The Greatness of the Journal
March 28th, 2012

Don’t miss this wonderful little WSJ piece about the cottage industry of former white-collar felons consulting with incoming white-collar felons on how to survive prison.

The piece is worth reading on its own merits, but what’s really great is that it highlights the chasm between the Wall Street Journal and the New York Times. You can tell, pretty easily, how just about every line in this piece would have been written by a Times reporter: ponderous, diligent, hectoring.

Instead, the Journal’s Michael Rothfeld is sly, cheeky, and fun. Look at the way he slips “courtesy flush” in there–it’s not just hysterical, it’s artfully done. He’s got such a great punchline that he knows he doesn’t have to do cartwheels around it. He just pulls the pin on the grenade, drops it, and slips out the back door.

I’ve never been quite able to understand why the NYT–outside the precincts of the Sunday Magazine–is so hostile to good writing. Maybe it comes with the burdens of being the paper of record.

  1. Ben March 28, 2012 at 6:54 pm

    Dare I say, I love the abiding Britishness of the Journal. It becomes more and more apparent.

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  3. Joe Sixpack March 28, 2012 at 8:16 pm

    As Tom Hanks said in Toy Story: I don’t get it.

    Dumb story written by a dumb writer made somewhat interesting by the phrase courtesy flush.

    Boy Jonny, you’re easily amused.

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  5. Ben March 29, 2012 at 9:55 am

    Sorry, Joe S. you’d have more credibility if you got the source of the Hanks’ quote right, which is from “Big,” not “Toy Story.” (It is in reference to the proposed Transformers rip-off of a robot that turns into a building).

    This individual piece aside, the WSJ’s writing constantly outpaces the NYT’s, although the Times does have some great foreign correspondents. The quality of the writing likely has something to do with proximity to the mothership.

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  7. Nedward March 28, 2012 at 8:49 pm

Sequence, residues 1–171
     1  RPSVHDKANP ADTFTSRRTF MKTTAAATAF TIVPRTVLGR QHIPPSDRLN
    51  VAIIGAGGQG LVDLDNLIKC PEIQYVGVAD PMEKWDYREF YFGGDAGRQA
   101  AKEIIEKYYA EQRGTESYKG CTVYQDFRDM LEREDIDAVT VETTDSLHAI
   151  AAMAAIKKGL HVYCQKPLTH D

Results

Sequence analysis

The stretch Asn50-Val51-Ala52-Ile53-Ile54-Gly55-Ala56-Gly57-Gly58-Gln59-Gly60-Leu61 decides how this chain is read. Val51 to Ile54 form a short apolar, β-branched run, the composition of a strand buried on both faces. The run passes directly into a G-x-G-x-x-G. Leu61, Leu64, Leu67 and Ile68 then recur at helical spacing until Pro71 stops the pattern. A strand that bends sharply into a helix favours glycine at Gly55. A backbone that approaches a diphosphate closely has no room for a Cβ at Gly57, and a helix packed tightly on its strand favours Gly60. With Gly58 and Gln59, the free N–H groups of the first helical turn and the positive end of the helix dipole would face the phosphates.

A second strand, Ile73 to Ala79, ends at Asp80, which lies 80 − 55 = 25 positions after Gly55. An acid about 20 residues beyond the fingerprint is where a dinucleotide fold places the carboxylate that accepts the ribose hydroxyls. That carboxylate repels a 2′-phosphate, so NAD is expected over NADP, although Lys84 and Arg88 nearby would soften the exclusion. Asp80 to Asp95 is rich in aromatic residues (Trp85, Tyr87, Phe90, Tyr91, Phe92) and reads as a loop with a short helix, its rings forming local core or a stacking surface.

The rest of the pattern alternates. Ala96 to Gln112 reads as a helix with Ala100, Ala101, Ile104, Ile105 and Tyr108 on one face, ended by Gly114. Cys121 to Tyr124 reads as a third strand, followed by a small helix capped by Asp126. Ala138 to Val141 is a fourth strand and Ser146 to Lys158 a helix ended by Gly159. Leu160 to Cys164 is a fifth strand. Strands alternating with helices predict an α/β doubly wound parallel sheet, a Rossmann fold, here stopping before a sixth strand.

Oh, the connections through the “Florida rabbi” had to explain it all to him! He never saw the scene from Goodfellas of Paul Sorvino sauteeing the garlic? “I felt he used too many onions”

    BTW, I think the Journal editors are relatively old-fashioned, in that they run stories they personally consider interesting. Years ago I saw their front-pager about the annual(?) Supermarket Checker’s Championships in Atlanta, where some super-powered lady had scanned and bagged thousands of dollars of corn flakes or whatever in like 90 seconds. I thought, “This is kinda odd and how would I even know about this world of checkout competition…”

    As for the Times, my theory is that it attracts more Type-A, frustrated liberal arts majors among the mid-level editors. When you’re the paper of record, it happens. While they can be rather laissez-faire with a writer who’s making a fool of him/herself–cough, Allesandra Staley–they’ll step all over anybody who tries to be a star.

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  9. Nedward March 28, 2012 at 8:54 pm

    I mean, during my career at CVS my skills never got beyond barely functional–more than once I had to empty the bag after miscalculations, or place bags within other bags (common sign of weak strategy)

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  11. Galley Friend L.B. March 29, 2012 at 9:41 am

    Gotta love those Wall Street Journal A-Hed pieces. Even Rupert’s detractors have to give him credit for keeping the Journal’s quirky A-Hed stories around, even as they complain the paper has become more “down market” and does far less in-depth business coverage than it used to.

    I still remember this A-Hed story from a couple years ago, about truck drivers taking up knitting (!) to pass the time between hauls:

    I told my wife about it and she didn’t believe it was true until I brought home the actual paper from the office. 🙂